Questions continue to linger over what legal disputes have emerged from the Dealer Expo after the show’s daily newspaper reported potential patent thefts and other intellectual property abuses.
One manufacturer at the show, Team Joyner USA, says a Chinese exhibitor was displaying an illegal copy of one of its off-road vehicles. John Burns Jr., vice president of Team Joyner, says his company learned from one of its brake manufacturers that the vehicle had been illegally purchased by the Chinese manufacturer from another parts manufacturer during its assembly.
Team Joyner officials also said boxes of their catalogs and dealer price lists that were taken off their freight were later found at several Chinese exhibitors’ booths. Burns says the company’s legal department is currently in the process of filing lawsuits against the companies in question.
Burns’ claim was just one of the reported patent incidents during the show, which also involved companies possibly copying products from at least one major OEM.
Concerns over patent infringement were enough to draw one major OEM that was not exhibiting their product to attend the show.
Russ Jura, head of Yamaha’s legal department, says the company did have a representative at Dealer Expo taking photos of potential property rights violations, but says Yamaha did not serve legal papers to any exhibitors at the show. He would not comment on whether Yamaha is pursuing any legal matters connected to the photos taken at the Expo.
Contrary to published reports in the Feb. 18th edition of the show’s daily newspaper, agents from the U.S. Marshal Service were not on the show floor and did not serve papers to anyone during the event, said Mark Robinet, director of public affairs for the U.S. Marshal Service office in Indianapolis. “I can verify 100 percent that no U.S. Marshals were on the show floor or served papers to anyone at Dealer Expo,” Robinet said.
Robinet says if papers were served, they were likely done by private professionals hired by a manufacturer. In civil matters, anyone who is certified and over 18 can serve process papers, and the orders are from a district court, not a federal one.
“A process like that was most likely served by a private professional, but trying to find out which manufacturer had papers served on another is like finding a needle in a haystack,” he said. “In a private civil matter like this, those papers could have been ordered out of any district courtroom in the country, so there’s just no way to know.”
Powersports Business also could not verify a report that an Enviromental Protection Agency (EPA) official was in attendance at the show looking for counterfeit EPA certifications.
Advanstar, which organizes Dealer Expo and provides security for the show, sympathizes with manufacturers who might have had their intellectual property rights violated, but maintains that it isn’t their job to enforce that during the show.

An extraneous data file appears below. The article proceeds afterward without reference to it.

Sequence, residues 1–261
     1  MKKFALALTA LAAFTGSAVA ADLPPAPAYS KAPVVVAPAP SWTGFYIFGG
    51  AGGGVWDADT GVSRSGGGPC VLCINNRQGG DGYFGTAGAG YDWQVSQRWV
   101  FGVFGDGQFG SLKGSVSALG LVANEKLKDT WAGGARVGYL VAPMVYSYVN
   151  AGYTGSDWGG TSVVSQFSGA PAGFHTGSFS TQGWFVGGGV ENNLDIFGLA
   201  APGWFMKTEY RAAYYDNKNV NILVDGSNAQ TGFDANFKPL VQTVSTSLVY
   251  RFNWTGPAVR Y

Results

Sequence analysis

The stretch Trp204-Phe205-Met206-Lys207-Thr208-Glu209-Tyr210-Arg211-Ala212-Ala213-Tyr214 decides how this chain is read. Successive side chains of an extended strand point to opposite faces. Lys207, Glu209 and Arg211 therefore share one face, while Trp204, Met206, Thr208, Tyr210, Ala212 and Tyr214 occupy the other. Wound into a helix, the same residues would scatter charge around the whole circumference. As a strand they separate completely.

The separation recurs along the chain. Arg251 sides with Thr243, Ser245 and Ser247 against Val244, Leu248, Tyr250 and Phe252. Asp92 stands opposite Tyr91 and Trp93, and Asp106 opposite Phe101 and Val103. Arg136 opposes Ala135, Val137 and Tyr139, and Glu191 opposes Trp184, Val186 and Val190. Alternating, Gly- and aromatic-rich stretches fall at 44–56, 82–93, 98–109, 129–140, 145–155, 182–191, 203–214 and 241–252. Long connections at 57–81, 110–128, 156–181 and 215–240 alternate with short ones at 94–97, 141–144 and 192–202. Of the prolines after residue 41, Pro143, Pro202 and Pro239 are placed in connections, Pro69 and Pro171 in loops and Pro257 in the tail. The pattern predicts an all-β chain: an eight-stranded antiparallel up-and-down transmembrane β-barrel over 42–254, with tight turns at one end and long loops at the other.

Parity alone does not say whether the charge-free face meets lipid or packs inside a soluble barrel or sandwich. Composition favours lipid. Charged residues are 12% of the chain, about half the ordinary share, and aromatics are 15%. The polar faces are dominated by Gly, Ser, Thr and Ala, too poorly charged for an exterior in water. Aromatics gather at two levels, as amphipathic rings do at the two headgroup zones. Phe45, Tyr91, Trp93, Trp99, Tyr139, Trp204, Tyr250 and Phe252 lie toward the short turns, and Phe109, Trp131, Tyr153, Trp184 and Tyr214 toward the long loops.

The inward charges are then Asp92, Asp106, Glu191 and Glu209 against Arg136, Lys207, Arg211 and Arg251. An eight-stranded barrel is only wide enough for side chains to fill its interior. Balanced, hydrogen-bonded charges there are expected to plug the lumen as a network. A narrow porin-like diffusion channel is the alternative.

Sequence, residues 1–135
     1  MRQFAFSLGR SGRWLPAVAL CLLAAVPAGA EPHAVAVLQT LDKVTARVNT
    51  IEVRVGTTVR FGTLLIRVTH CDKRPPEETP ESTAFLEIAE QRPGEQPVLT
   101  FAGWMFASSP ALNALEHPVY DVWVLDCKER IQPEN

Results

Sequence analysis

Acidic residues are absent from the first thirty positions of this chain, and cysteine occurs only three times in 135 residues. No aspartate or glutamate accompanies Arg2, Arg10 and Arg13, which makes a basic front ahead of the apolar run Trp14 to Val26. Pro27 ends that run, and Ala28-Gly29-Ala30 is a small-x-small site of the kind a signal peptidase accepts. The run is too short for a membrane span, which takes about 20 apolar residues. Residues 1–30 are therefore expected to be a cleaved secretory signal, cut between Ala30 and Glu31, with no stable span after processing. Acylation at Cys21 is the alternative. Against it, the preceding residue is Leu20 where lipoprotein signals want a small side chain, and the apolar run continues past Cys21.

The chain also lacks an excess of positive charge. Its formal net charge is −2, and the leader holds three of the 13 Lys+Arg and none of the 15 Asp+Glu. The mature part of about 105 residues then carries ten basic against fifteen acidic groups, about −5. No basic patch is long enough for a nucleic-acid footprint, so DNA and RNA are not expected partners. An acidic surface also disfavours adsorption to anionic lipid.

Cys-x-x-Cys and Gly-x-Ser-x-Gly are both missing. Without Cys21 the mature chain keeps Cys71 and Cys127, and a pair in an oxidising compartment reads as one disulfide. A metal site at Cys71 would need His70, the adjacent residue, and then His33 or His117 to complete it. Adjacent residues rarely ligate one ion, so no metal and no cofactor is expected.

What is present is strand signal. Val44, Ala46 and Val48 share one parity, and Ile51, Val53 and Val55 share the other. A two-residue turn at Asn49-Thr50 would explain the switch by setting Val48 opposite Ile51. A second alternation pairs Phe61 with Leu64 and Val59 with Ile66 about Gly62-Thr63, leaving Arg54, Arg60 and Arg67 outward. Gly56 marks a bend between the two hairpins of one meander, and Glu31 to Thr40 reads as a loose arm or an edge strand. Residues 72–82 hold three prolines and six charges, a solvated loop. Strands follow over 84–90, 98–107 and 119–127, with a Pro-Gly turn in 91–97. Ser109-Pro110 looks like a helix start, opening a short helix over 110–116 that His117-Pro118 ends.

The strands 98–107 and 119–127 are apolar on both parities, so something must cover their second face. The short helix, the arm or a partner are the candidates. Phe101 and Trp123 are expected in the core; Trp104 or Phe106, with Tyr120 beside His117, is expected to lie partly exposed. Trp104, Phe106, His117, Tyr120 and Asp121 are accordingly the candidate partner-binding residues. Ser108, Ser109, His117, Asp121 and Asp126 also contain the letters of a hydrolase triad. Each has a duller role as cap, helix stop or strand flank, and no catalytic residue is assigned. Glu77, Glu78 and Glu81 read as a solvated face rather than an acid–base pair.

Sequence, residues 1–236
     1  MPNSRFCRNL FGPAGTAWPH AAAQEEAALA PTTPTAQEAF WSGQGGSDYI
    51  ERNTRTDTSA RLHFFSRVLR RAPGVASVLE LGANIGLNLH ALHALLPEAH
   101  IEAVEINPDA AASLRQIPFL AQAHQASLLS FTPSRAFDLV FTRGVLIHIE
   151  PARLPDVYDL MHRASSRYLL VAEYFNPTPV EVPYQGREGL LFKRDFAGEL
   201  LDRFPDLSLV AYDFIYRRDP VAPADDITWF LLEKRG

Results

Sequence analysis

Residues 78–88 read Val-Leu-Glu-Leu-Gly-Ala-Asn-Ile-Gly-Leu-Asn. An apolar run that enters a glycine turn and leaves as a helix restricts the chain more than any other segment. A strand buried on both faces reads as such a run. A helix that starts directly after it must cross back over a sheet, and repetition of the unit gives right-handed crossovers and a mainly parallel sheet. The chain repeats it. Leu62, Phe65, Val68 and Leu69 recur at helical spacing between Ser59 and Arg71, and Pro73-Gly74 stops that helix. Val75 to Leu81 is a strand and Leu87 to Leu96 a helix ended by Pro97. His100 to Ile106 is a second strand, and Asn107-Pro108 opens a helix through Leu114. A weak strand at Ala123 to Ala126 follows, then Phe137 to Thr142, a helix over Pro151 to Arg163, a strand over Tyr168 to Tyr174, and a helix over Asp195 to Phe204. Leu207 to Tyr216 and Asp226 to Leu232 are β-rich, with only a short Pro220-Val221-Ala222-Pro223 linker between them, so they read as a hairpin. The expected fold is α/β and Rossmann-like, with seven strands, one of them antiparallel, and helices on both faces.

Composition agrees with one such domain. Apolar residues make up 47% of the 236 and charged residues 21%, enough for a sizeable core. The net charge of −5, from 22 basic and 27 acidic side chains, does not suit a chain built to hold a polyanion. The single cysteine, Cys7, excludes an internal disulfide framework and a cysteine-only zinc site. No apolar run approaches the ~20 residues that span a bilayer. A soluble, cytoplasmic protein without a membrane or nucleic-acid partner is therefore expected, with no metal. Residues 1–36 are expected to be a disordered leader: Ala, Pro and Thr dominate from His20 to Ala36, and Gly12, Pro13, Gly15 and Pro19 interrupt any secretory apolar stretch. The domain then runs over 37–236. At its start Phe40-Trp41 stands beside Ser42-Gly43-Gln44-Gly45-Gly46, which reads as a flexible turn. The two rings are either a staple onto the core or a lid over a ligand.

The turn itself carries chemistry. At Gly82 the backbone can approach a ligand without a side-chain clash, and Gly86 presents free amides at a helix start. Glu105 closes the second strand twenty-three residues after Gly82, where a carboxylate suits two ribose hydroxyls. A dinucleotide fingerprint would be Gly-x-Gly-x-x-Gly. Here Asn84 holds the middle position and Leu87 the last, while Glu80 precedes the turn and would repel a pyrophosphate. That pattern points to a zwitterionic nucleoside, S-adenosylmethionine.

“That’s not a job that Advanstar does,” said Trevor Trumbo, show manager for Dealer Expo. “As the show promoter we do respect their individual property rights, but the nature of it is that we need to be a neutral party until an official judgment has been presented to us. There’s not any way that we can be in charge of intellectual property rights.”
As far as providing security for a manufacturer’s property after show hours, Trumbo says Advanstar has been and will continue to be diligent about making sure incidents like taking photos of covered vehicles, etc., don’t occur in the future.
And when asked about the discrepancy in the attendance of U.S. Marshals, Advanstar said the information was received from a third party.
Saxon motorcycle gets EU license
Saxon Motorcycles Europe says it has obtained the European Type approval, making all of their bikes road legal and allowing them to be licensed by dealers in the European Union and Switzerland.
Saxon said no other production custom motorcycle company has received such a rating throughout the EU.
Saxon Motorcycles Europe, founded in January 2006 by Frank Vermeulen and Rinke Andringa of the Netherlands, was created specifically to provide the European market with custom, American-style motorcycles.
“Obtaining European Type approval is a huge accomplishment for Saxon,” said David Schwam, vice president of sales and marketing for Saxon Motorcycle Co. USA.
The approval has been granted for two European models, the Warlord, a U.S. high-neck chopper, and the Firestorm, a long and low prostreet.
Colorado dealerships merge in Denver
Two Denver dealerships, Faster and TK, recently joined forces and started working out of one central location, called Faster! Motosports.
Earlier this year Brian Destarac of TK approached Faster with the idea of joining together, according to a press release. Faster Motosports will offer the service that TK Motorsports provided and will continue to be a VP Racing Fuel, Bridgestone race tire and authorized Öhlins and Dynojet service center.
Faster Motosports performs high-performance engine modifications for sport bikes, watercraft, snowmobiles and ATVs and specializes in vintage 10-plus year-old street bike repairs.
New media company launched in U.S.
A new consumer publishing company, which will include several powersports titles, has been formed from a deal involving several former Time Warner magazines.
The new company, the Bonnier Corp., was formed with the combination of Time Inc.’s Parenting Group and Time4 Media brands with the Sweden-based Bonnier’s U.S. magazine partner, World Publications. Part of the deal includes the purchase of 18 magazines from Time Inc., a Time Warner company (NYSE: TWX).
The former Time Inc. properties include Trans World Motocross, TransWorld Ride BMX and QUAD: Off Road Magazine.
Copyright 2007 Powersports Business